Due to the very limited overlap between these two companies in these respects and their very limited market positions in the sectors identified above, the Commission considers that in relation to the horizontal and vertical overlap between the product ranges of the two companies the operation does not raise any problems with regard to its compatibility with the common market.

However, although technically speaking the vertical relationships between Tetra Pak and Alfa-Laval are limited to those set out above, the two companies do produce equipment that has a certain complementarity from the point of view of the consumer. Alfa-Laval produces all equipment used for processing milk and juice until it is packaged. Tetra Pak produces the machines used to package the milk/juice. The merged undertaking would therefore be able to offer a fuller product range now covering all machines used by the dairy/juice producer.

The need to fully determine the nature and extent of the potential effects flowing from this vertical complementarity was the reason leading the Commission to open proceedings in this case, pursuant to Article 6 (1) (c) of the Regulation, on March 19 1991. In particular, in the decision opening proceedings, the Commission identified the following matters which required in-depth investigation:

(i) if the ability to offer a fuller product range than its actual or potential competitors constituted a significant advantage to Tetra Pak in its future sales of packaging machines, this might create or strenghten dominant positions on the markets for such machines and their respective cartons. This question was considered to merit particularly careful scrutiny given Tetra Pak's existing very high market shares in the various markets for packaging and cartons;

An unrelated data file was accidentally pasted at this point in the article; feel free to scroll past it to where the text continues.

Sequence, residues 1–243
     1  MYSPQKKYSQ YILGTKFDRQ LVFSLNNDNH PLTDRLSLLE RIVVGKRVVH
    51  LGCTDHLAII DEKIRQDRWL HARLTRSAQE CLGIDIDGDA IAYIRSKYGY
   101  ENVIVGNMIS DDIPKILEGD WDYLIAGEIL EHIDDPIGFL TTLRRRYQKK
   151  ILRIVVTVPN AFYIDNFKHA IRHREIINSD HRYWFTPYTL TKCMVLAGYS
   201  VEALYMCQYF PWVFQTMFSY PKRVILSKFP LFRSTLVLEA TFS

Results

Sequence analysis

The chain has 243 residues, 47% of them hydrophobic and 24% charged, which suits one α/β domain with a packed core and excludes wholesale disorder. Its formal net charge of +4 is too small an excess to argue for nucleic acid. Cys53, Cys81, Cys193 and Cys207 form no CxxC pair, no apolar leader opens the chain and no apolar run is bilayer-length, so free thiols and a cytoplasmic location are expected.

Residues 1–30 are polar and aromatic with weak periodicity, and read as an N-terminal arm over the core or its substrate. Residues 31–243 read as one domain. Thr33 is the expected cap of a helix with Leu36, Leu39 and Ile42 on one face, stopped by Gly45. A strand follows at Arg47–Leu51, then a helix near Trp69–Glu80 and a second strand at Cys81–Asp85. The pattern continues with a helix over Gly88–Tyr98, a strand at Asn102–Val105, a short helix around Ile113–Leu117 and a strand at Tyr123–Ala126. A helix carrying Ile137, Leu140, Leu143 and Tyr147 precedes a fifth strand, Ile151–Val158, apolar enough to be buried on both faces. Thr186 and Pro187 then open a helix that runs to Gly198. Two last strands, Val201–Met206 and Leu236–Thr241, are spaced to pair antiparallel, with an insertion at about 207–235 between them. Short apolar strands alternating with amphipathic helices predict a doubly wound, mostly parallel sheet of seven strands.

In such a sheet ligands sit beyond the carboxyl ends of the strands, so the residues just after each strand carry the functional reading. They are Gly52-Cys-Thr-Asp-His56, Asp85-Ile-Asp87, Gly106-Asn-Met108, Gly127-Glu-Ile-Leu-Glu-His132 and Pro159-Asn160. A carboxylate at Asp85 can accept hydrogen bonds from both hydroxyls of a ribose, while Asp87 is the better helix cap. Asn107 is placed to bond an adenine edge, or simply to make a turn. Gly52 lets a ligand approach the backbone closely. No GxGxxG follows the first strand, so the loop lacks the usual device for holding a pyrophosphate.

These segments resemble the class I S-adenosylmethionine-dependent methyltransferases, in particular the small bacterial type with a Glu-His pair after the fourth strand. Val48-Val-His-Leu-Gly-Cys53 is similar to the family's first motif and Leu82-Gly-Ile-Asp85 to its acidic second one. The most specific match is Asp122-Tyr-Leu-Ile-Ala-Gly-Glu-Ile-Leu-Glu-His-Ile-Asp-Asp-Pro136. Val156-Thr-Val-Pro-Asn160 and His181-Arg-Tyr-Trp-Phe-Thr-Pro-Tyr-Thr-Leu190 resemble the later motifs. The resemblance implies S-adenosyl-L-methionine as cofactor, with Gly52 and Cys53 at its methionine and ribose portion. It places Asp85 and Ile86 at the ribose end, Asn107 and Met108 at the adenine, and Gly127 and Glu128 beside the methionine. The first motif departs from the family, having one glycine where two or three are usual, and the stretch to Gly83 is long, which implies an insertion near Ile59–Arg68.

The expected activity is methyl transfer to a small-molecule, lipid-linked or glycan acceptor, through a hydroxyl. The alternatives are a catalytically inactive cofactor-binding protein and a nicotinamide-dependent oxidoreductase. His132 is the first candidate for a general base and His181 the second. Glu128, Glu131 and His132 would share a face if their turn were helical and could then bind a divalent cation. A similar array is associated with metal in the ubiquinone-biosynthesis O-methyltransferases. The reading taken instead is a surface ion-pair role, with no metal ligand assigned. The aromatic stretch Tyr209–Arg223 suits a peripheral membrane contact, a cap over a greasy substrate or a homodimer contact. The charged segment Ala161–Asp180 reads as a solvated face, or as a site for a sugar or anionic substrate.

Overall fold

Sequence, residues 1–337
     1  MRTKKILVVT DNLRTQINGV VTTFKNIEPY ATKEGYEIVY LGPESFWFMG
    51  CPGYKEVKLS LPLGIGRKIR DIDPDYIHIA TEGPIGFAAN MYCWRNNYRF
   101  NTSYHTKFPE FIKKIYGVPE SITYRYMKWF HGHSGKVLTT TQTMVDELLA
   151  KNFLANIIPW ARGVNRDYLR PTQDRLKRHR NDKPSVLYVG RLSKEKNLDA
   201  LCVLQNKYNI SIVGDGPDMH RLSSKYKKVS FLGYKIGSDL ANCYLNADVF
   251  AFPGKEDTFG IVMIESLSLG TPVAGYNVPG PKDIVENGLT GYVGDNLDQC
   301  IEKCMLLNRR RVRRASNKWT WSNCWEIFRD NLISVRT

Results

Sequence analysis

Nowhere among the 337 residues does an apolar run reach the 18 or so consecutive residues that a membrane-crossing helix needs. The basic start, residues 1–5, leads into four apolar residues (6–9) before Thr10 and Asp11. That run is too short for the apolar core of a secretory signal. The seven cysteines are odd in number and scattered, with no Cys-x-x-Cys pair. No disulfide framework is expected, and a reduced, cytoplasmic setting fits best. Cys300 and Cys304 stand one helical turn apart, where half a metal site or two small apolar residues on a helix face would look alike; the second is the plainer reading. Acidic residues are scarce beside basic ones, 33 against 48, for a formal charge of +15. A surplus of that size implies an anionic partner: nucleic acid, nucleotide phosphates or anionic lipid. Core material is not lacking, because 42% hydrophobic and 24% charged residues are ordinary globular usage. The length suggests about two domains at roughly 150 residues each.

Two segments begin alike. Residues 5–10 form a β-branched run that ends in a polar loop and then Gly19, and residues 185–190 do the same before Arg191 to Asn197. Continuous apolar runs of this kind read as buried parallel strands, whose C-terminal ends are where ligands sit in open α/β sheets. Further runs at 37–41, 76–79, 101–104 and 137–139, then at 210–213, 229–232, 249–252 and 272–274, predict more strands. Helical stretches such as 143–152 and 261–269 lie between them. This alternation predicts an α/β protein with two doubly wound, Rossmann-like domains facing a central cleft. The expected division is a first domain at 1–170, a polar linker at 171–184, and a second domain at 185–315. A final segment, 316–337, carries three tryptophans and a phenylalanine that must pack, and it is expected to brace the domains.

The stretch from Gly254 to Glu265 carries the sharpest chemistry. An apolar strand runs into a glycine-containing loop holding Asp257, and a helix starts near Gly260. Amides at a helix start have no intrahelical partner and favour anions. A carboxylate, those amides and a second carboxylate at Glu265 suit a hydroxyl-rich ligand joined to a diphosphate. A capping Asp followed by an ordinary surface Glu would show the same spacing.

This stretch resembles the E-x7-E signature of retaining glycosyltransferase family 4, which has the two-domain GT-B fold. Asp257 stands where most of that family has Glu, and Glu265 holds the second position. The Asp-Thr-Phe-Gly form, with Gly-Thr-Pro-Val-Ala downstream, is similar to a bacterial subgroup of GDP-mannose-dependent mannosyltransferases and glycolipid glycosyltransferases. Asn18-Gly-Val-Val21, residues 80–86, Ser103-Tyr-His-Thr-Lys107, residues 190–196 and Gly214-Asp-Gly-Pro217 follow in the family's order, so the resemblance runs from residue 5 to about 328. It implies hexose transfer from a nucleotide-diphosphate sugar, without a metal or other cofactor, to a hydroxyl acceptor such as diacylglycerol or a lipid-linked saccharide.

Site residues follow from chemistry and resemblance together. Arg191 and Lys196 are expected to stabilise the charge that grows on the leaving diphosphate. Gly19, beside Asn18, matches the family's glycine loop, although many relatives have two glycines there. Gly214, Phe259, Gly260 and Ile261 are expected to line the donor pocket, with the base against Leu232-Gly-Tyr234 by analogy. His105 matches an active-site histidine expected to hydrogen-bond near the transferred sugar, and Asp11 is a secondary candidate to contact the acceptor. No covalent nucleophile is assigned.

(ii) in its sales of milk/juice processing equipment the merged company would also acquire the possibility of offering a fuller product range, including both processing and packaging equipment. Were this to constitute a significant advantage when selling processing equipment the operation might create or strengthen dominant positions on the markets for the various types of processing machines.

B. Effects of the concentration on Tetra Pak's operations

1. Introduction

The Commission has examined the effects of the concentration on the following markets in which Tetra Pak is active. The Commission considers that these markets constitute relevant product markets for the purpose of analysing the concentration pursuant to the Regulation:

- the market for machines used for the packaging of liquid foods in cartons under aseptic conditions and the market for the cartons used by such machines;

- the market for machines used for the packaging of liquid foods in cartons under non-aseptic conditions and the market for the cartons used by such machines.

2. Definition of the relevant market

Aseptic packaging machines using cartons are technically advanced machines that are able to package aseptic liquids or semi-liquids into carton boxes whilst ensuring that no micro-organisms are introduced into the liquid in question. The machines are at present used to a large extent to package milk treated by the UHT (Ultra high temperature) process and aseptically treated juices.

Possible substitutes for such machines that have been examined by the Commission are the following:

- aseptic packaging machines using other packaging mediums such as glass or plastic;

- non aseptic packaging machines using carton, glass or plastic.

These are the closest possible substitutes for the market as defined. If these products do not form part of the relevant market for the purposes of the examination of the notification it is unnecessary to examine even less perfect substitutes for the product such as metal cans.